City sticks with uptown route for the Silver Line — but won't say how many would ride
When cities apply for federal funding for new transit projects, ridership is perhaps the most important criteria.
The Federal Transit Administration (FTA) wants to know: How much will a new rail line cost, and how many people will ride it?
The Charlotte Area Transit System knows what the feds want, having built three major rail projects in the last 15 years.
Which is why Monday’s City Council transportation committee meeting was so strange.
CATS staff presented three routes for the east-west Silver Line light rail to pass through uptown. It didn’t provide detailed ridership estimates once during the entire 30-minute presentation.
WFAE and Transit Time asked CATS’ senior project manager for the Silver Line, Andy Mock, why he didn’t provide ridership data to council members. He did not respond.
The city’s preferred route — which skirts uptown to the north, rather than going directly into the center city — likely has the lowest ridership of the three. The city has said it wants that route because it thinks the Silver Line will spark a new building boom along North Graham Street and Interstate 277.
The problem is that the FTA isn’t particularly concerned about development when deciding whether to dole out billions of dollars for new light rail. And the city’s fixation on new development might come at the cost of winning federal dollars — without which, it’s unlikely the Silver Line would ever be built.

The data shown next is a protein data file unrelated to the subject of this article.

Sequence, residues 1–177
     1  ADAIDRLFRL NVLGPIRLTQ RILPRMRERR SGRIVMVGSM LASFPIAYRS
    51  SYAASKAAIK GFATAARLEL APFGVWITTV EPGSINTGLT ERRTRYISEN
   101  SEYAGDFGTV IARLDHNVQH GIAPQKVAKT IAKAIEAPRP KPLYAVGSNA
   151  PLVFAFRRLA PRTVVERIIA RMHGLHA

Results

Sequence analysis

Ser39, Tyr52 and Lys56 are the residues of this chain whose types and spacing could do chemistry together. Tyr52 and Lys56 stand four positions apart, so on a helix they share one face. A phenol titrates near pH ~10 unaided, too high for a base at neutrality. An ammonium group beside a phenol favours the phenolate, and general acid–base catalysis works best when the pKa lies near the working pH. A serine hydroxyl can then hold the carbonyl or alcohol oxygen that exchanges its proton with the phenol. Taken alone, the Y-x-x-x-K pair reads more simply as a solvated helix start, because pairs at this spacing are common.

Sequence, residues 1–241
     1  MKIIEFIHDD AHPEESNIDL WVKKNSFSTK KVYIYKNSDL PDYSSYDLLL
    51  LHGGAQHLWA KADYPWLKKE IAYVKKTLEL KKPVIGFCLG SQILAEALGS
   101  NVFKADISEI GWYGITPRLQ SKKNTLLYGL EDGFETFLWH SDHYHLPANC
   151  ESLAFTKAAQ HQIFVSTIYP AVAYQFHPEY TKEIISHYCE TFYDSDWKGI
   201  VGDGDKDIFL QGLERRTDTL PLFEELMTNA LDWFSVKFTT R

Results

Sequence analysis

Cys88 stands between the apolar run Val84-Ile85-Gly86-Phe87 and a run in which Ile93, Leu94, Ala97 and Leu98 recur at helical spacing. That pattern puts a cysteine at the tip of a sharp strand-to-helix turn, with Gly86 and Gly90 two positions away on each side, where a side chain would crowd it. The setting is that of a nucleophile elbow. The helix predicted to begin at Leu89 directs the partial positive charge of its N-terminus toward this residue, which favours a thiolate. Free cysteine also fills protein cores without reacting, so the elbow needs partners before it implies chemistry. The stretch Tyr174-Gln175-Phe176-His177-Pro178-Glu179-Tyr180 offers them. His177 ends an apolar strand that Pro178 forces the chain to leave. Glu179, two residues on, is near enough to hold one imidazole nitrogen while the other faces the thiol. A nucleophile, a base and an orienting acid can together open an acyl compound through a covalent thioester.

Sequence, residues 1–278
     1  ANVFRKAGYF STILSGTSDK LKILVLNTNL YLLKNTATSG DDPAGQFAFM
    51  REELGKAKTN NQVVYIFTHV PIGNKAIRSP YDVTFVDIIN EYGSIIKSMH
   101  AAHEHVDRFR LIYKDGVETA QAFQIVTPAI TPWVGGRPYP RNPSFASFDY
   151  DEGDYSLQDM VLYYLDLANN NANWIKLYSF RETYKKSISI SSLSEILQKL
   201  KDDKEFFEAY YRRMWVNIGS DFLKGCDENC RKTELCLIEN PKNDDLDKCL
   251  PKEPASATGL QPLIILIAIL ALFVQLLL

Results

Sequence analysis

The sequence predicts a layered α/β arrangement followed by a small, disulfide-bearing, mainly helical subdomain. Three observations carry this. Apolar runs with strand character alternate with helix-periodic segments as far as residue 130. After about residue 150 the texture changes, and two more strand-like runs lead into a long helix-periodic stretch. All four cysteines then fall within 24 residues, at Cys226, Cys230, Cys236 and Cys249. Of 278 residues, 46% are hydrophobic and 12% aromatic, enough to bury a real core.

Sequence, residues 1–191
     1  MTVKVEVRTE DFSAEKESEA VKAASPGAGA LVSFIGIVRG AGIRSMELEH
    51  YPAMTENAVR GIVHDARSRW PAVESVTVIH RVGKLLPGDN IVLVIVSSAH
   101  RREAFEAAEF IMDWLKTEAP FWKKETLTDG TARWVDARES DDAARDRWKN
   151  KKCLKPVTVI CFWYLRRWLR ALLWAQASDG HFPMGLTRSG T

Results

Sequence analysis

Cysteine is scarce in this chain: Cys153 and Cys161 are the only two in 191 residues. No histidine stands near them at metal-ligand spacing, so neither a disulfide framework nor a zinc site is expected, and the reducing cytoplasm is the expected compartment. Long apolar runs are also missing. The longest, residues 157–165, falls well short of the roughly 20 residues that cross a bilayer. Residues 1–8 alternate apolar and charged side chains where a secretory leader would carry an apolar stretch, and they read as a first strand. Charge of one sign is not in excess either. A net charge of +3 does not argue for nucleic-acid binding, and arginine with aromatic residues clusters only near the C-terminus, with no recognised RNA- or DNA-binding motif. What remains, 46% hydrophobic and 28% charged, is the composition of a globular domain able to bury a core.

The consultants said that “demand for FTA funding exceeds supply. It is a very competitive process.” They added that bringing the Silver Line through uptown by sharing the Lynx Blue Line tracks would “increase ridership, reduce cost, and improve the FTA rating.” They recommended, explicitly and in bold lettering, that CATS “compare ridership, costs and FTA rating” when evaluating uptown routes. CATS’ preferred route around uptown is the most expensive of the routes studied, and there was no discussion Monday of ridership or FTA rating.
In an interview this week, former CATS chief executive Ron Tober said having strong ridership is critical. He was surprised CATS would make a presentation without detailed ridership estimates.
Without strong ridership, he said, the Silver Line may be “dead on arrival.”
Shannon Binns of Sustain Charlotte, a nonprofit that advocates for sustainability and public transit, emailed CATS to express his disappointment with the city’s apparent focus on the potential for new skyscrapers over new riders.
“With ridership not being part of the discussion, the potential to generate new development and property tax revenue and least amount of disruption to businesses emerged as the most important goals of the project,” Binns wrote. “As you know, we believe that as a transit project, development potential is important but ridership and the experience of riders should be the priority.”
Here are some basics on the debate over the Silver Line: